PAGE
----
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Arizona Wildcats 24, Toledo Rockets 17: Yardage Doesn't Equal Points

Sept. 1, 2012; Tucson, AZ, USA; Arizona Wildcats wide receiver Austin Hill (29) dives to catch a 30 yard touchdown during the first half against the Toledo Rockets at Arizona Stadium. Mandatory Credit: Matt Kartozian-US PRESSWIRE
Sept. 1, 2012; Tucson, AZ, USA; Arizona Wildcats wide receiver Austin Hill (29) dives to catch a 30 yard touchdown during the first half against the Toledo Rockets at Arizona Stadium. Mandatory Credit: Matt Kartozian-US PRESSWIRE

If you give a mouse a cookie, he'll ask for a glass of milk. If you give the Arizona Wildcats 623 total yards of offense, they'll pray that it produces enough points to beat the Toledo Rockets. Rich Rodriguez's team got that wish in the head coach's debut Saturday at Arizona Stadium, but they needed overtime to defeat the MAC team, 24-17.

According to Greg Hansen, that's the second-most yards gained by the Wildcats in history.

UA quarterback Matt Scott produced 384 yards through the air and connected on 30-of-46 of his passes (65 percent) to go with 72 yards on the ground on 14 carries, but it didn't help that his team committed three turnovers and had seven, mostly untimely penalties to throw away opportunities.

No more did it help that kicker John Bonano missed two field goals of 24 and 25 yards to keep the Rockets in the game. Toledo gained 347 yards of offense, moving the ball well at times but making a revamped Arizona defense appear to have improved to some degree when compared to last season.

Bonano started off the scoring, as Arizona made a defensive stop and quickly drove down the field before a drop by receiver Richard Morrison made the Wildcats settle for a field go to go ahead 3-0 with 9:38 to go in the first quarter. Toledo responded soon after with a 59-yard touchdown pass aided by UA corner Shaquille Richardson jumping a receiving route on a double-move by receiver Alonzo Russell.

The Wildcats came back with authority, as Scott moved the offense to the Rockets' 30-yard line before the UA quarterback found Austin Hill in the back of the end zone for a diving touchdown grab.

That was only the beginning. Toledo scored again and led at the half 14-10. Arizona offense found itself in a rut, and only a 73-yard bust by Ka'Deem Carey would give the Wildcats the lead once again. Carey led the Wildcats with 149 rush yards on 20 carries.

Fifteen seconds into the fourth quarter, a field goal by Toledo tied the game, and all of a sudden it was panic time for Arizona fans.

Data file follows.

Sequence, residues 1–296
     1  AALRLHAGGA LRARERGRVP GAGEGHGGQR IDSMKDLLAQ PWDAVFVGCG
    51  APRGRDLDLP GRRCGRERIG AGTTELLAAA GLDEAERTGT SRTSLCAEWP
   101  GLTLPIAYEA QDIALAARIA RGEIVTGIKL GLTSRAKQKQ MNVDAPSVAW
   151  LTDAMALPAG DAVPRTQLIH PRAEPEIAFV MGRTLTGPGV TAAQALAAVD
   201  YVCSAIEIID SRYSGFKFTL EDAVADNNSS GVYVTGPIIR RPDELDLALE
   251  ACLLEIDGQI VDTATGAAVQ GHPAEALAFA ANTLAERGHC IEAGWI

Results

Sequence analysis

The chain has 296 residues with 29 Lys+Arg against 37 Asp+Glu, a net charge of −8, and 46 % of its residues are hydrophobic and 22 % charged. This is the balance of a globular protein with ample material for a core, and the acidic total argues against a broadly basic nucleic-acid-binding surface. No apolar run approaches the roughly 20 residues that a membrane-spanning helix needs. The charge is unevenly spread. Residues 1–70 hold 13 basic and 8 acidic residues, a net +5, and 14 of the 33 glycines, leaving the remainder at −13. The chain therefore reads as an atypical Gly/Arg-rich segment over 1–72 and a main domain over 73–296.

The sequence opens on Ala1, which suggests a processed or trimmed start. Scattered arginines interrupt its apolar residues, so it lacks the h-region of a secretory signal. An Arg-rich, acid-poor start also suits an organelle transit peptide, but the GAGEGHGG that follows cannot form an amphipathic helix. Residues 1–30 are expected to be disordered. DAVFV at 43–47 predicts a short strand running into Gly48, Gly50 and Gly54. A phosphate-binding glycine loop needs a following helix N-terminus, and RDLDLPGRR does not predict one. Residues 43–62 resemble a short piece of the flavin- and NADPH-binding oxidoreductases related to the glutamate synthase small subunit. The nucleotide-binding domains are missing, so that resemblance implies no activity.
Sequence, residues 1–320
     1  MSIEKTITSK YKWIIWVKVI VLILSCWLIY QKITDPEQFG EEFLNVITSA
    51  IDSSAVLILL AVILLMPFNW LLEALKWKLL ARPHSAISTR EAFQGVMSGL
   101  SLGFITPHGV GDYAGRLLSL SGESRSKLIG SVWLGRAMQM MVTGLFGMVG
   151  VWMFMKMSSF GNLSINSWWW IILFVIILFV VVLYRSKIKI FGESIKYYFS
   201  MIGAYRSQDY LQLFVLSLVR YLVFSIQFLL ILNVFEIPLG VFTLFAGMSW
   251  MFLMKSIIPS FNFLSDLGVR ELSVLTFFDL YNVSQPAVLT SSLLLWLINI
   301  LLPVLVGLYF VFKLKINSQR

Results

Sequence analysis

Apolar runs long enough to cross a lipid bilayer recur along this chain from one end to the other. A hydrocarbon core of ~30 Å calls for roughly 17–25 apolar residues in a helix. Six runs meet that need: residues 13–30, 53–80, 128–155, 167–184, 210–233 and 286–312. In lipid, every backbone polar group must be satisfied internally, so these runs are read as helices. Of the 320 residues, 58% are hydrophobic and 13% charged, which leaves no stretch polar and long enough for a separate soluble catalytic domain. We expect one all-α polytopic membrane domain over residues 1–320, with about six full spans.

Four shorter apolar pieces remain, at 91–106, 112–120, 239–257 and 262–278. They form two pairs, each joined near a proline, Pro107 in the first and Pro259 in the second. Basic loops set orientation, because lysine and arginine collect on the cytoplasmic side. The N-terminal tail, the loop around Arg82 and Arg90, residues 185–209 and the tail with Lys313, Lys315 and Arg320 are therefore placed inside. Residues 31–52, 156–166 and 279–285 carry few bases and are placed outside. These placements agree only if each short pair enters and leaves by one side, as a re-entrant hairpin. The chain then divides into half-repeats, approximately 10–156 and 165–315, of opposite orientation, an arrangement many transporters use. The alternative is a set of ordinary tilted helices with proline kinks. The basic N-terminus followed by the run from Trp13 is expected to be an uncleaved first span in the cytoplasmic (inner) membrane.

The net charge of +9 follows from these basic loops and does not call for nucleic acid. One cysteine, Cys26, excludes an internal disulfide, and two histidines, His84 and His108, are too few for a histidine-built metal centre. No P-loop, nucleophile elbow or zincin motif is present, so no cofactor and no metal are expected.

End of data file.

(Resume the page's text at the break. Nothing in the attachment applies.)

On the next possession, Arizona found itself in a 4th-and-1 situation at their own 46, but a handoff to Taimi Tutogi was stuffed out by the Rockets as UA turned the ball over on downs. The Wildcats forced a three-and-out on UT on the ensuing possession, then kept the Rockets at bay after their own failure to score.

Quickly, Scott's legs moved the Wildcats down the field, giving Bonano a 25-yard field goal as time was set to expire. But a faulty hold turned into a kick hooked outside of the uprights, and it was on to overtime (I'm slow to fault Bonano for such a close game despite the cries of a Zendejas curse).

In overtime, the Wildcats baited the Rockets into a pass interference call on first down to move to the 10-yard line. After a run for no yards and an incomplete pass, Scott was flushed out of the pocket to his right. And with a defender pulling on his jersey, Scott found Terrence Miller in the end zone to take the lead before UA's defense held one more time to earn the victory.

What'd we learn?

Arizona indeed lacks the talent to expect too much this season, especially on the defensive front. But as evidenced by Scott's gutsy game-winning throw, playmakers are present. Scott accounted for an incredible 456 total yards and despite some excited overthrows and an interception, will be a worry for opposing defenses.

While the offensive line struggled with consistency, Carey and Daniel Jenkins -- who scored on a 60-plus yard run before it was called back because of a penalty -- are big-play threats at running back. At receiver, Dan Buckner was solid (9 catches for 118 yards), as was Miller (6 catches for 80 yards). But it was Austin Hill, just a redshirt sophomore, who showed the most star potential with seven catches for 136 yards.

Most of all, Arizona will be able to survive in most games this season should they clean up their mistakes. It was concerning that the issues of last season again reared their heads, though it's understandable as the squad adjusts to the new offense and defense.

The number 623 should stand out. That's a lot of yardage, and count out the handful or two of poorly-timed mistakes -- turnovers, penalties, missed kicks or dropped passes -- and this wasn't exactly as close of a game as it felt come 11 p.m.

Toledo is a decent team as well. Aside from the one error in pass coverage, big plays for the Rockets were hard to come by. The Arizona defense, surprisingly, didn't wear down as much as you'd expect considering the tempo of Toledo's offense and the lack of depth. Nose tackle Sione Tuihalamaka was the one who made two big plays come crunch time, running down the UT quarterback in the backfield to give Arizona a final chance to score in regulation.

It wasn't pretty, but it was sure sobering. This UA squad will have its sturggles in 2012, but right now, 1-0 is better than the alternative.